Thursday, April 7, 2016

F is for Flash Fiction

So, what is flash fiction anyway? To put it simply, flash fiction is just very short fiction. Any story up to 1500 words is considered flash fiction.

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Although this poignant little piece was rumoured to be the result of a bet Ernest Hemingway made with John Robert Colombo and Arthur C. Clarke, as they were having lunch together, that he could write a complete story in six words, it was never substantiated. Still, it remains probably the most famous example of flash fiction written to date.

The challenge of flash fiction is to tell a complete story in as few words as possible. It must begin immediately and move quickly toward the end--no long descriptions, no unessential words. It is not a prose poem, nor an extended paragraph used to set up a punch line, nor an anecdotal slice-of-life.

Flash fiction forces the writer to compact the story. Strip away those wordy descriptions and character developments. Define your character by having him do something instead of creating lengthy histories and motivations.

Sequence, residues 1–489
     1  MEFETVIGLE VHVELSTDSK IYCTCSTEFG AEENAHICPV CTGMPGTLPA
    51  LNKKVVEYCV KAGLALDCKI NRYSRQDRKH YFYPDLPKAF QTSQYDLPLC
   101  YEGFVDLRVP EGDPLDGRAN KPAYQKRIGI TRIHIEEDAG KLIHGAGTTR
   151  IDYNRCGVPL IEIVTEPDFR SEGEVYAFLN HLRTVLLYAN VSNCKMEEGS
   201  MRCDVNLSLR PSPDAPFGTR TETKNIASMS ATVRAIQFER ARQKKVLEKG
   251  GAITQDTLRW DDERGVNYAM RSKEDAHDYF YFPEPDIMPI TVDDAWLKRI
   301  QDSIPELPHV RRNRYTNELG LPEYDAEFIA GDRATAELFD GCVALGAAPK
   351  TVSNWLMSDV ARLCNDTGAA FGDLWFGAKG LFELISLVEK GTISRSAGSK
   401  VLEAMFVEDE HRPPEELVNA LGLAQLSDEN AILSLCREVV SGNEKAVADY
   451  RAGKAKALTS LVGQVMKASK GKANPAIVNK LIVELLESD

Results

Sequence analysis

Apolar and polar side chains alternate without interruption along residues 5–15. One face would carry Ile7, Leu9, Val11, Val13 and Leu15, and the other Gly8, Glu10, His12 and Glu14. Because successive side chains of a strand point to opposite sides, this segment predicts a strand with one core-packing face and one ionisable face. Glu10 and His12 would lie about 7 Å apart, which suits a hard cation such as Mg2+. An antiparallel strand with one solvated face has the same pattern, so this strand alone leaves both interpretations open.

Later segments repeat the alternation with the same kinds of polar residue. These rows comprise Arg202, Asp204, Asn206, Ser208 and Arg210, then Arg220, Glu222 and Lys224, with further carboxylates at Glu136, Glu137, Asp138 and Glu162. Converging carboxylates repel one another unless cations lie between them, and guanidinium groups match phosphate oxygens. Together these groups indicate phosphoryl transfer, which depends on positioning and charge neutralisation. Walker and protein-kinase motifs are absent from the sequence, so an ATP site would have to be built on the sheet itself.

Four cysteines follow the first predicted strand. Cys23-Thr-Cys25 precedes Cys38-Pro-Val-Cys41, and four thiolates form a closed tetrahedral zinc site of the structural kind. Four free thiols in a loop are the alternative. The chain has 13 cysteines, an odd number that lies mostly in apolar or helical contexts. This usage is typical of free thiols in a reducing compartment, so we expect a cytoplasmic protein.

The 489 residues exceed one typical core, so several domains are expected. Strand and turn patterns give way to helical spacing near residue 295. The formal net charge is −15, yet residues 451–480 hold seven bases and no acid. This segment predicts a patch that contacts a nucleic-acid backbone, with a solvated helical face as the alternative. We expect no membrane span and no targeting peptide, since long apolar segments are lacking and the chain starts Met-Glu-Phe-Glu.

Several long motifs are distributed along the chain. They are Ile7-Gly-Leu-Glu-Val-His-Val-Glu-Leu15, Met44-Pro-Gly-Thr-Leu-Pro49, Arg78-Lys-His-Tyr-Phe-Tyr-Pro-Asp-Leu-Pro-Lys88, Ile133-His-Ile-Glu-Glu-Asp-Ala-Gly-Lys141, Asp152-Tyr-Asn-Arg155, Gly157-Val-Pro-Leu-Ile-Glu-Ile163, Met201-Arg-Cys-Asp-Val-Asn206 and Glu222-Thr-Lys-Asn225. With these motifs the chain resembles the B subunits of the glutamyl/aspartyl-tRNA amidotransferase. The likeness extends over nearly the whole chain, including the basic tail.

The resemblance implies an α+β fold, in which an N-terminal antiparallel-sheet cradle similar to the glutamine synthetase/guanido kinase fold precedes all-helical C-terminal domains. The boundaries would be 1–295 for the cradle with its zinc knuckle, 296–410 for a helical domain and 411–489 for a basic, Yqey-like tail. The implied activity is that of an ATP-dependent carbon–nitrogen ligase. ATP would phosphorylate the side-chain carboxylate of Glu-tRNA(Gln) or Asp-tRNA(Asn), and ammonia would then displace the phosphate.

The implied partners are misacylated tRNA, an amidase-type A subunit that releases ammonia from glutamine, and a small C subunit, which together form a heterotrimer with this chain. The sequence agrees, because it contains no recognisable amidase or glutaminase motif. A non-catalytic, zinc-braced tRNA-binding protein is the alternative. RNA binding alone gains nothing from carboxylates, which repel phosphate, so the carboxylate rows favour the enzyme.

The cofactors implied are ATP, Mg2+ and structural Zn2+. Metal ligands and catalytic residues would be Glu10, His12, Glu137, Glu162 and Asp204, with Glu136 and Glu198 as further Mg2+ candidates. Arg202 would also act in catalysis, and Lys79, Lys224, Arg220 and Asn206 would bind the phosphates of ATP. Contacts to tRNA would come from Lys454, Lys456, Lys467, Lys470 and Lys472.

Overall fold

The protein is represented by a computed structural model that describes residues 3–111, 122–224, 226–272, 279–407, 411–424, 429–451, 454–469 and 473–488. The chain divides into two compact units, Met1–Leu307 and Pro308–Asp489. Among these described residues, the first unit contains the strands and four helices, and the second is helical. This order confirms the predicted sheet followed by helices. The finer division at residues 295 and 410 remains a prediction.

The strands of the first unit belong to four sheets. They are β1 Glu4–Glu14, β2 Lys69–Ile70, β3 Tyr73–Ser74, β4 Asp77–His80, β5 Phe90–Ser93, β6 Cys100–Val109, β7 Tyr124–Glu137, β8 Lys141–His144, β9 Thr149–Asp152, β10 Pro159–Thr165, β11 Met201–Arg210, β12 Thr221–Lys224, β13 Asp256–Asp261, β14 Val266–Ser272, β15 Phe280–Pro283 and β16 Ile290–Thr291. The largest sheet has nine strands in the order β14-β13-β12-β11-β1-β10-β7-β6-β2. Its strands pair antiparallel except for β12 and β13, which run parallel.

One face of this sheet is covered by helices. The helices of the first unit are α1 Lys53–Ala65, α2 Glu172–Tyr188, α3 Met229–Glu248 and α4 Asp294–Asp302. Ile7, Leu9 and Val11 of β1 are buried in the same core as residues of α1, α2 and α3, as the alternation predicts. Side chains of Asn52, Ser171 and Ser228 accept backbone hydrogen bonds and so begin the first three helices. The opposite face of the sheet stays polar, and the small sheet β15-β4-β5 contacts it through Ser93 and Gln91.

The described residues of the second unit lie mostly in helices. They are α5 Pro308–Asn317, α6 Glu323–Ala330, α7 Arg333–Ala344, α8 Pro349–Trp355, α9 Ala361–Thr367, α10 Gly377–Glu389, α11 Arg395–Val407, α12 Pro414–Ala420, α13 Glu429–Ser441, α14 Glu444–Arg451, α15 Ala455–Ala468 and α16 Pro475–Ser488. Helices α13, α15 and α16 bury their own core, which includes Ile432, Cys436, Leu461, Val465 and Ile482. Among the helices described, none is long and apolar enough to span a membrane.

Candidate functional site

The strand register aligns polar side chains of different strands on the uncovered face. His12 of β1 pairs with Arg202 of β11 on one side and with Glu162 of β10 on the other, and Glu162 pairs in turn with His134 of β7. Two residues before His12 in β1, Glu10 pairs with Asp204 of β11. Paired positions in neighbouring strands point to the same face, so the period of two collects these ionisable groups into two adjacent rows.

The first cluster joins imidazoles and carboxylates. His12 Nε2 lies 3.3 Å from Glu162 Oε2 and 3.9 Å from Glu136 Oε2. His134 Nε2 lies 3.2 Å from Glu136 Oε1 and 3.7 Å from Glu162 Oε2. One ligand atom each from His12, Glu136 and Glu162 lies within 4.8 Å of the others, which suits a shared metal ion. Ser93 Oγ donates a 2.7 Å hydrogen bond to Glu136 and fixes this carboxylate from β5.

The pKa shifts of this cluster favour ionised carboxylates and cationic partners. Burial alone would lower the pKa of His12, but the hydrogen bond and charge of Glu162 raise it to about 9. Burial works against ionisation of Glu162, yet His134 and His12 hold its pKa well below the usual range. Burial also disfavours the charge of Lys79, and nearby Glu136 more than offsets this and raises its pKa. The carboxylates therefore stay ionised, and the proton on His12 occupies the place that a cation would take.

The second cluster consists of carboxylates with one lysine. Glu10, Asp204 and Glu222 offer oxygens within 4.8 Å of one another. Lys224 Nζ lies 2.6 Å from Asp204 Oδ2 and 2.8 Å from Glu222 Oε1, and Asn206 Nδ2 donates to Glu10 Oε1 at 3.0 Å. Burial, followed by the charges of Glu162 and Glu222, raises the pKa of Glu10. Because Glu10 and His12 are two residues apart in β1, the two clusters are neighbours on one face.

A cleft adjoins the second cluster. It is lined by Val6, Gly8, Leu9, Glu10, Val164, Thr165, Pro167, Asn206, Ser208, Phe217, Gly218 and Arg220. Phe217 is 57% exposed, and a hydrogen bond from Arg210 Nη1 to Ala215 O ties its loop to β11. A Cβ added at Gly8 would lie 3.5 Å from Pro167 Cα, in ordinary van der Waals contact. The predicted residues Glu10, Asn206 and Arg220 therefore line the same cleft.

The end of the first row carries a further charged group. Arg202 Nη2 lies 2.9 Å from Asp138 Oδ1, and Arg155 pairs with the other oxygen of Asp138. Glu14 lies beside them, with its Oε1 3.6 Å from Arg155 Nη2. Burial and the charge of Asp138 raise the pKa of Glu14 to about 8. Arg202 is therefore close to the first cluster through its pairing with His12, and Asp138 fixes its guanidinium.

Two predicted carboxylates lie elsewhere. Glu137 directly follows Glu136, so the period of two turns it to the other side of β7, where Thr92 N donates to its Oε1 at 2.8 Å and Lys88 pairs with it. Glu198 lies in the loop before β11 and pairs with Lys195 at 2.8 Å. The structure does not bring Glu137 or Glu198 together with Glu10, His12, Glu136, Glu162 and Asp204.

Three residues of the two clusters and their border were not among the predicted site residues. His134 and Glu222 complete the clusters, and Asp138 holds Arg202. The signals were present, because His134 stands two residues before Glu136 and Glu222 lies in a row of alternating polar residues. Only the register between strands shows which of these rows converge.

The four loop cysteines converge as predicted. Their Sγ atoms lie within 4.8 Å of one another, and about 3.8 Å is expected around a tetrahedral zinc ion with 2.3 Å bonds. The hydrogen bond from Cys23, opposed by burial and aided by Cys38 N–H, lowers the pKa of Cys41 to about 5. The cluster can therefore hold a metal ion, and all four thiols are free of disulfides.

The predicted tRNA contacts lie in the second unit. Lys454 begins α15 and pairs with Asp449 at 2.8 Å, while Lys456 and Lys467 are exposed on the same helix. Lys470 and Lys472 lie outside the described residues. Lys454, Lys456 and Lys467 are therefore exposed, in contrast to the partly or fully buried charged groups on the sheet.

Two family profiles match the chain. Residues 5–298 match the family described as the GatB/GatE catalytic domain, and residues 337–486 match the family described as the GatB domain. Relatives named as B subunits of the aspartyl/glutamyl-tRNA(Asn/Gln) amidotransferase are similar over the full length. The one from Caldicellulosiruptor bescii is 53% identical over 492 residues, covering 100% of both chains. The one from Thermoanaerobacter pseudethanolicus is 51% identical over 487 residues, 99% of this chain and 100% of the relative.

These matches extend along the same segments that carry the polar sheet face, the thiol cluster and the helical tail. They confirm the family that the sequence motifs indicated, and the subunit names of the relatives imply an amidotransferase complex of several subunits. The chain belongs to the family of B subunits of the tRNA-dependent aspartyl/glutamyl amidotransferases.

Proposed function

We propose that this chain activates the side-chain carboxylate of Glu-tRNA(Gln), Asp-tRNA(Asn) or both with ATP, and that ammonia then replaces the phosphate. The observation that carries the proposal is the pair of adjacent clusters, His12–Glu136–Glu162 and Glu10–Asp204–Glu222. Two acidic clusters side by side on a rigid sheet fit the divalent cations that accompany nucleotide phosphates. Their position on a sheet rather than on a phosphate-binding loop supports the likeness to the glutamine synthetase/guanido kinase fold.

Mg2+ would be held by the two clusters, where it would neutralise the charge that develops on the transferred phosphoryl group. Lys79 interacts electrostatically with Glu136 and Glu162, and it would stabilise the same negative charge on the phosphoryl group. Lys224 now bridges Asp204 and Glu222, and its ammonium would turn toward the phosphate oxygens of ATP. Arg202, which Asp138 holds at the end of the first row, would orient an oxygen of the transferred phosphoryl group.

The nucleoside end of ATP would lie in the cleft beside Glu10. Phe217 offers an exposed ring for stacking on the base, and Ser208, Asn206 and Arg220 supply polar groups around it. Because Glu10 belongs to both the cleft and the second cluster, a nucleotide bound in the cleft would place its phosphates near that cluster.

It can be any form, style, or genre. It can be whimsical and entertaining or literary and sublime. It can be controversial or unconventional. It can be troubling, unsettling, or unpredictable. The best stories are often about the human condition, showing it in an insightful way that isn’t always obvious.

The easiest way to write flash fiction is to just tell the story. Throw yourself into your writing and write a story, regardless of the length. Then grab a red pen and have at it. Get rid of every adjective and adverb you can find. Trust me, you’ll be surprised by how much emotion and description can be conveyed without using descriptive words.

Ask yourself these questions:
Is there a clear beginning, a strong middle, a definitive ending?
Is the character compelling?
Does the story make its point and drive it home?
Is every word absolutely essential to the story, the language precise and clear?
Does the story have action, not activity?
Does every sentence move the story forward?
Is the ending understandable, whether it’s unexpected or inevitable?

Keep in mind that good flash fiction, like all good writing, should have some point to it, a reason for being. The best flash fiction lingers in the mind long after the story has been read--the way of all great literary works of art.

Here are a few places to submit your flash fiction:
Flash Fiction Online
The Pedestal Magazine
Abyss and Apex
The Vestal Review
Every Day Fiction

1 comment:

Paperback Writer said...

I've always loved a good flash fiction story. I think that's why I'm doing the challenge as a drabble a day. :)